Indeed Fizz says at one point, "Shut me in the same room as that guy for twelve hours and I'd be at his throat with a serrated breadknife". Buchanan for his part has "never been one of her biggest fans". They come together as sleuths mainly through Fizz and her nose for a crime. She looks on Buchanan as an ally to be called upon as she thinks fit: "God created people like Buchanan specifically as fodder for people like Fizz". But he is a reluctant partner, though he is very concerned for her safety.
Fizz carries all before her: "so innocent, so baby-faced, so
trusting and so heart-wrenchingly vulnerable". When she cannons into
a punter, "a glowering man in a Barbour jacket", at a race meeting,
she gives him a sunny smile and receives "instant absolution".
These two characters, Fizz and Buchanan, dominate the book, but mention
must be made of the gay hotel chef, Johnnyboy, whose comments are often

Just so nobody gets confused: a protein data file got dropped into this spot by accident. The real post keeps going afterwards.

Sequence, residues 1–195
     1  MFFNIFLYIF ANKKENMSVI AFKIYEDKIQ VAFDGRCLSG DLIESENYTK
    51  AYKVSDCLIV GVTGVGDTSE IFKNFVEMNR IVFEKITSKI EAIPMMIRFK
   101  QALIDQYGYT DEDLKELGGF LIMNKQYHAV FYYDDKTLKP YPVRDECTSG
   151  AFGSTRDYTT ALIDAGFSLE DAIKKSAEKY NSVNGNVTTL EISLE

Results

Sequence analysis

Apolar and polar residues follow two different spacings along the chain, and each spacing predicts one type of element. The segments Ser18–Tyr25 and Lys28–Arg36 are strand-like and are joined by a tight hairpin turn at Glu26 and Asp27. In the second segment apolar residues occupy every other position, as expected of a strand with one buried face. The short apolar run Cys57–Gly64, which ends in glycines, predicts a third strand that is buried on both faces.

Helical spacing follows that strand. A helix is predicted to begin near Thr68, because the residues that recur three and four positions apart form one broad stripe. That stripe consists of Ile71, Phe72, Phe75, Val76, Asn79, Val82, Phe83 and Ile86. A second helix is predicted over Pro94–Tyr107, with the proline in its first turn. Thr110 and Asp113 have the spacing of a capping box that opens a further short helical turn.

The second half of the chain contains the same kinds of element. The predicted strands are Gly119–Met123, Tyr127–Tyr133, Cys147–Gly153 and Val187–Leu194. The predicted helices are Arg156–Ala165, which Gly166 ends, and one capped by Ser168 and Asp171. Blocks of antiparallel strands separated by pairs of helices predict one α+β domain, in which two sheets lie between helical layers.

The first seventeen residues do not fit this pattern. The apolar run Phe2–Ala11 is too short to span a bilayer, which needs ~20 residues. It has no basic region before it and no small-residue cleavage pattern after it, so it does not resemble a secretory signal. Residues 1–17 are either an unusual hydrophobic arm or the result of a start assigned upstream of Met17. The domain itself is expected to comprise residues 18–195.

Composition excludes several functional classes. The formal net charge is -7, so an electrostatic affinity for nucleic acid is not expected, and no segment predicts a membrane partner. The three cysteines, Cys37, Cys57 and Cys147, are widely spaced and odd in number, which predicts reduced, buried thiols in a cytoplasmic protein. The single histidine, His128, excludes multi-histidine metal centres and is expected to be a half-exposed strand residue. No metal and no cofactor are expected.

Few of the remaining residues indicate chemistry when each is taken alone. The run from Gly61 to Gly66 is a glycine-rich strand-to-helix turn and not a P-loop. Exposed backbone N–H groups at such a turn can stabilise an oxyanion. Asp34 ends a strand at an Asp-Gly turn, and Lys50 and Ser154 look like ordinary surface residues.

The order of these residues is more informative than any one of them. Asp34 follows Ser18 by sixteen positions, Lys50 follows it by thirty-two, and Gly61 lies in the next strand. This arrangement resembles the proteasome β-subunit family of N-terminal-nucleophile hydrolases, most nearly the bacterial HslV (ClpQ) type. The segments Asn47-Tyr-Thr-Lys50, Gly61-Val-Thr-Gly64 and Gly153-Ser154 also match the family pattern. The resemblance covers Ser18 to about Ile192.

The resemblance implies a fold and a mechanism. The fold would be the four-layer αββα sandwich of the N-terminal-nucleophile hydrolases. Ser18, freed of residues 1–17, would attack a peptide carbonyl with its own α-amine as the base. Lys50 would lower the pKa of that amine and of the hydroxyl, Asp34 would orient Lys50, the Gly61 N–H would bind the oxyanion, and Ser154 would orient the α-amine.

very funny: "She's been up and down all day like a whore's drawers"
Joyce Helms writes well and has a lively turn of phrase: "cute as
an Andrex puppy" and "built like a piece of earth-moving equipment".
I also liked: "She went down for a count of nine". This is her
third Fizz and Buchanan mystery. I look forward to her next.
A law student, Fizz works in a hotel at night to make the student grant run to luxuries like food. She is also a super sleuth, who at the first hint of mystery is off and running like a greyhound out of a trap.
Thus when an elderly German tourist is found dead in her hotel, natural
causes is what springs to most minds but not Fizz.
The post Mortem may have shown nothing compatible with foul play but
that's mere science and hardly stands up in the face of unerring instinct
as possessed by Fizz.
She drags her boss at the lawyers' office into her investigations
very much against his better judgement and they find themselves heading
from Edinburgh to Arran via the Moorfoot Hills to unravel the mystery.
The pace is slick and Holms writes with a good deal of verve and wit.
If there is any criticism it's that she tends to be a bit verbose.
She's rather like a child who's been told by her English teacher that
adjectives make a sentence more colourful, so she sprinkles them around
like salt just to show her command of the language.
That aside, I took to Fizz and her bubbly approach to life and I'm
looking forward to the next murder she uncovers in genteel Auld Reekie.